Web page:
Marriage protected by exemption from public service (read 24:5)
What is stated negatively in verses 1–4 is put positively in verse 5. A man recently married is exempted from public service (military or otherwise) for one year. This protects the family from the untimely death of the husband/father and avoids his prolonged absence from the home immediately after the wedding. Clearly the LORD intended to promote the growth of the family. Calvin distilled the law’s meaning for all time this way:
…men ought to avoid all occasions which serve to estrange them from their wives, and to the disordering of their house. We are already of ourselves overly frail and weak, and though no further occasion be offered, we see how many swerve aside from their duties, and are so ticklish that they cannot hold themselves quiet and still in their vocation. (Question 2)
Limited collateral in Israel (read 24:6)
When an Israelite made a loan to a fellow countryman, he was prohibited from taking as collateral the millstones or the upper millstone. Every Israelite home had a small milling machine which served as a basic kitchen appliance for making daily bread. To take the millstone(s) as collateral would cause real hardship, perhaps equivalent to taking the refrigerator as collateral today.
Kidnapping (read 24:7)
In Bible times kidnapping was followed not by a demand for ransom, but by the kidnapper selling the victim into slavery in return for money or merchandise. Even though the victim did not die, he or she was cut off from God’s people, from the blessings of the covenant, and therefore really from life itself. The only suitable punishment for the kidnapper was execution.
Leprosy (read 24:8-9)
These verses assume that Israel remembers the LORD’s earlier instruction about leprosy (see Rev. 13–14). Moses here exhorts the people to be diligent in following those instructions pertaining to a variety of infectious skin diseases denoted by the term leprosy.
More on collateral (read 24:10–13)
It seems clear that the person asking for financial assistance is a poor Israelite. In such a situation, the lender may not enter the poor man’s house, but must wait outside. This protects the poor man’s privacy and permits him to choose what he will offer as collateral for the loan. This procedure secures the dignity and honor of the borrower.
The poorest of the poor would be able to offer only their clothing as collateral. In this case, the lender was forbidden to take the outer garment as pledge. This garment doubled as a bed covering at night, so that its use as collateral would have exposed the poor man to the chilly night air.
Honoring the poor employee (read 24:14–15)
Poor men who labored within Israel were to be paid at the end of each day. To be paid on a weekly or a monthly basis would have caused too much hardship. Daily wages were needed for daily bread.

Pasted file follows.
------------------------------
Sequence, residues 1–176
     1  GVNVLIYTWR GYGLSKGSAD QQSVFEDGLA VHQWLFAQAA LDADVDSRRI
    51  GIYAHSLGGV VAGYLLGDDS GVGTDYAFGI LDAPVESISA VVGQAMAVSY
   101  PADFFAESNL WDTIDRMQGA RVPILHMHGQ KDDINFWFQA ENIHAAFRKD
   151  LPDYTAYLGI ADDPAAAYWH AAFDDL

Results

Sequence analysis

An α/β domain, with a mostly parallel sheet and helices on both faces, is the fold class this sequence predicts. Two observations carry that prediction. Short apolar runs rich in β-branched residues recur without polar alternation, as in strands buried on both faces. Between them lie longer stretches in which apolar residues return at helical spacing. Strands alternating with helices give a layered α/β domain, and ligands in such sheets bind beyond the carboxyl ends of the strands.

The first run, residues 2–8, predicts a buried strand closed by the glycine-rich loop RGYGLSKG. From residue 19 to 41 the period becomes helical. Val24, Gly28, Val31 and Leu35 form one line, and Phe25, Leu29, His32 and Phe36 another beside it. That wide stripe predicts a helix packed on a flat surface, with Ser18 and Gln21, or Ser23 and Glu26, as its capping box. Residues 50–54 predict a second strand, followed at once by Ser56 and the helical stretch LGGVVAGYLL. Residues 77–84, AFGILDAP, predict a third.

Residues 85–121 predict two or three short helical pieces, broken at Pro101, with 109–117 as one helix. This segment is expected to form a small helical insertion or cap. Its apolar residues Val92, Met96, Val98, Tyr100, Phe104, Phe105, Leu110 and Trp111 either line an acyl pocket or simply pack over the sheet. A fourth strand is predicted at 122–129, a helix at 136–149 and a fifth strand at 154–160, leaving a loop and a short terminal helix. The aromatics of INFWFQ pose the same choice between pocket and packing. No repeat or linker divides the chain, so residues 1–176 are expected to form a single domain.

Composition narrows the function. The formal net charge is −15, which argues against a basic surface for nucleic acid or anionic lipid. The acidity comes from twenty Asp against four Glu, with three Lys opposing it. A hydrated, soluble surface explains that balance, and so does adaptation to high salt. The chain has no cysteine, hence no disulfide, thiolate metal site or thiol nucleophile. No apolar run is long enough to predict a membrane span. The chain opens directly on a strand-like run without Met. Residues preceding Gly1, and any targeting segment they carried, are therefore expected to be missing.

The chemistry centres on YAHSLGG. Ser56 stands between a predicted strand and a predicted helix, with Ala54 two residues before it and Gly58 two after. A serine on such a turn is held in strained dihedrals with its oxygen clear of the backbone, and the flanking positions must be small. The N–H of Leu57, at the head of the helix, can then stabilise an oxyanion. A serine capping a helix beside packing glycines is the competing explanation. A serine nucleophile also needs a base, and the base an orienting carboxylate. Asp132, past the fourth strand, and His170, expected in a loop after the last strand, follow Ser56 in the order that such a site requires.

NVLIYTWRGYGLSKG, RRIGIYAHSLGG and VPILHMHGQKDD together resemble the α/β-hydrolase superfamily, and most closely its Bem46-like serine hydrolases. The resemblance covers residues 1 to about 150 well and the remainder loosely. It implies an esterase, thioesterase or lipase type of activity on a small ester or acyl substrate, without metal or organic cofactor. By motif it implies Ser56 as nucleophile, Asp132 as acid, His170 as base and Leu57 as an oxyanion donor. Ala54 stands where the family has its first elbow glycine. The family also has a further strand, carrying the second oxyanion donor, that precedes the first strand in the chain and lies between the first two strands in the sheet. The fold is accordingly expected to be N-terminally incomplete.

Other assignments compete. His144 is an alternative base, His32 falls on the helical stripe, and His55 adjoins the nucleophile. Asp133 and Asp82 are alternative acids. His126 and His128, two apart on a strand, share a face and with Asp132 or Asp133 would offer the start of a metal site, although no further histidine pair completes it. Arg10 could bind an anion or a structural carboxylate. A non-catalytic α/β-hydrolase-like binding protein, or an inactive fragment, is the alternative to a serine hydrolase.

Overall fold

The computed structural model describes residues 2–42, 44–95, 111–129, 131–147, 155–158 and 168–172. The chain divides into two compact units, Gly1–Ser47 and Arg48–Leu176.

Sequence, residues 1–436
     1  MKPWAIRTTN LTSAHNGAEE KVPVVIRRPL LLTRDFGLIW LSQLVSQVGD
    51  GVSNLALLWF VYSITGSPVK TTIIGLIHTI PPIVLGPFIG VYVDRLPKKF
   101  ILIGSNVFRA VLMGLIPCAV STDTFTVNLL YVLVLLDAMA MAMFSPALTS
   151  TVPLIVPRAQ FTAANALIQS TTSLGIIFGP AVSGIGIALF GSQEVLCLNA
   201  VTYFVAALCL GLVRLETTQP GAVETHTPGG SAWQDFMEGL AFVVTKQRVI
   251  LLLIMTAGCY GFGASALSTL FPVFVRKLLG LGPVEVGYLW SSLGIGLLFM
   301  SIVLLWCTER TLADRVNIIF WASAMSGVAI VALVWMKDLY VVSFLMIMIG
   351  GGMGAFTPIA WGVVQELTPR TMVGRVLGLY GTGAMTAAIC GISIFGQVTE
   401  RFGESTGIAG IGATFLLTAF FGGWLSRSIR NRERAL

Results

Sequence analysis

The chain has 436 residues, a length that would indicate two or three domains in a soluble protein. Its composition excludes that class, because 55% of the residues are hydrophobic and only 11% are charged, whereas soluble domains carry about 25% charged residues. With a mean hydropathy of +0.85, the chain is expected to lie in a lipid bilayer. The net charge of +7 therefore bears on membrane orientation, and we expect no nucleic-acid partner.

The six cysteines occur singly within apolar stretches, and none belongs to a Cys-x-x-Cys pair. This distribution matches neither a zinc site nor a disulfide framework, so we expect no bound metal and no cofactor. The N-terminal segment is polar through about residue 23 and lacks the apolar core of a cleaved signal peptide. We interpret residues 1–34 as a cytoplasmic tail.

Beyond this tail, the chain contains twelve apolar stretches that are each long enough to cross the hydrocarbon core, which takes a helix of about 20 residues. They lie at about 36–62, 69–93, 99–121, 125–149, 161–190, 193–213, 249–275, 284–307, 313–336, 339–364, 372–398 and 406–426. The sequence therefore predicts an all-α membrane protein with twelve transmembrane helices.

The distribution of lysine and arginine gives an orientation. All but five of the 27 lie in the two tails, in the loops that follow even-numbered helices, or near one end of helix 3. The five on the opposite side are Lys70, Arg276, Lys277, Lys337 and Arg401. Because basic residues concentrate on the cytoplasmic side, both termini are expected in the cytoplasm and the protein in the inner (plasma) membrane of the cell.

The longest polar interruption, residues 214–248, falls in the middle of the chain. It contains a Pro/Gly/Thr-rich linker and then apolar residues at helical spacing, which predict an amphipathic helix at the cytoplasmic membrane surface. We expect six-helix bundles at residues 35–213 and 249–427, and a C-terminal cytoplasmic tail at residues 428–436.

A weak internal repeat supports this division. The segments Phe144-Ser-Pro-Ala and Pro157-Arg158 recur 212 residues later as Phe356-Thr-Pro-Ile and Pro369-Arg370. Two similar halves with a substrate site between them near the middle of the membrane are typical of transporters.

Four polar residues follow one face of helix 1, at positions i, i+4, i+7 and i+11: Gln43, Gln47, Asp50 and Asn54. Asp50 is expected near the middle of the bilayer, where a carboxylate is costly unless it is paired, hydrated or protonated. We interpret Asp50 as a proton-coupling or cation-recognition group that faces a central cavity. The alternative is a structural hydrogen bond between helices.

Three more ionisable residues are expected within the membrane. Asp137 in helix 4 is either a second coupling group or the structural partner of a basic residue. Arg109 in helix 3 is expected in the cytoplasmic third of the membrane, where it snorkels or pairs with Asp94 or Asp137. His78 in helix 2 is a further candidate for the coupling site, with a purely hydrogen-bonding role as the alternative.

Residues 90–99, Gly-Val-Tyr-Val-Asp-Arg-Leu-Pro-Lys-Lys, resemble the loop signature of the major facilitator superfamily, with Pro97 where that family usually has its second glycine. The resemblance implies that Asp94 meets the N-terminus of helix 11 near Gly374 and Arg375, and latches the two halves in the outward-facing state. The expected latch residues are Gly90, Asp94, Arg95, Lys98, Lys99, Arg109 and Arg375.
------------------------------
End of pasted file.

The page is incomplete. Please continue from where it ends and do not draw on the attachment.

Added to this requirement was the motivational reminder that the LoRD listens to the cries of the poor. As a former slave people, every wealthy Israelite ought to remember that fact, especially when dealing with the poor.
Individual responsibility (read 24:16)
This legislation concerns the application of capital punishment. The principle involved is that each person was to pay for his own sin; the person responsible for the crime was to bear its punishment. There were to be no substitutions. This in no way contradicts the LORD’s assertion in the second commandment that He “visits the sins of the fathers upon the children,” which refers to repercussions and consequences of sin, not to its legal punishment.
Respecting the stranger, orphan and widow (read 24:17–22)
This is the fourth class of needy people among Israel mentioned in this chapter. Justice for the oppressed, limits upon collateral for loans and provision for the hungry during harvesting are expressions of compassion and kindness.
Grain, olives or grape clusters left behind by harvesters could be taken, without the penalty [or stealing, by a stranger, an orphan or widow. These people didn’t own any land and were therefore threatened with exclusion from the blessings of the land. This divine legislation sought to guarantee that they might nevertheless share in the fruits of Canaan in a way that protected their honor and dignity. Rather than looking for a “hand-out,” the poor could invest their own labor in harvesting their food. Their benefactors, generous farmers, were simply reflecting the compassion of their Father, Redeemer and LORD. (Questions 3 and 4)
Questions for Reflection and Reply
1. Illustrate the truth that the New Testament church has been given more than Israel, in terms of (1) blessings and (2) obligations.
2. Read 1 Corinthians 7:29–33. Mention some “marital cares” that are proper and some that are not. Mention specific ways in which the Christian community can reduce stress on Christian marriages.
3. Defend or criticize, on the basis of Scripture, this statement: It is part of the church’s task to relieve world poverty.
4. Mention diaconal practices that would be consistent with the Bible whereby we can respect the dignity of poor co-believers today. How can we employ “the law for gleaners” in the church today? Where does the Bible teach the “no work, no eat” principle?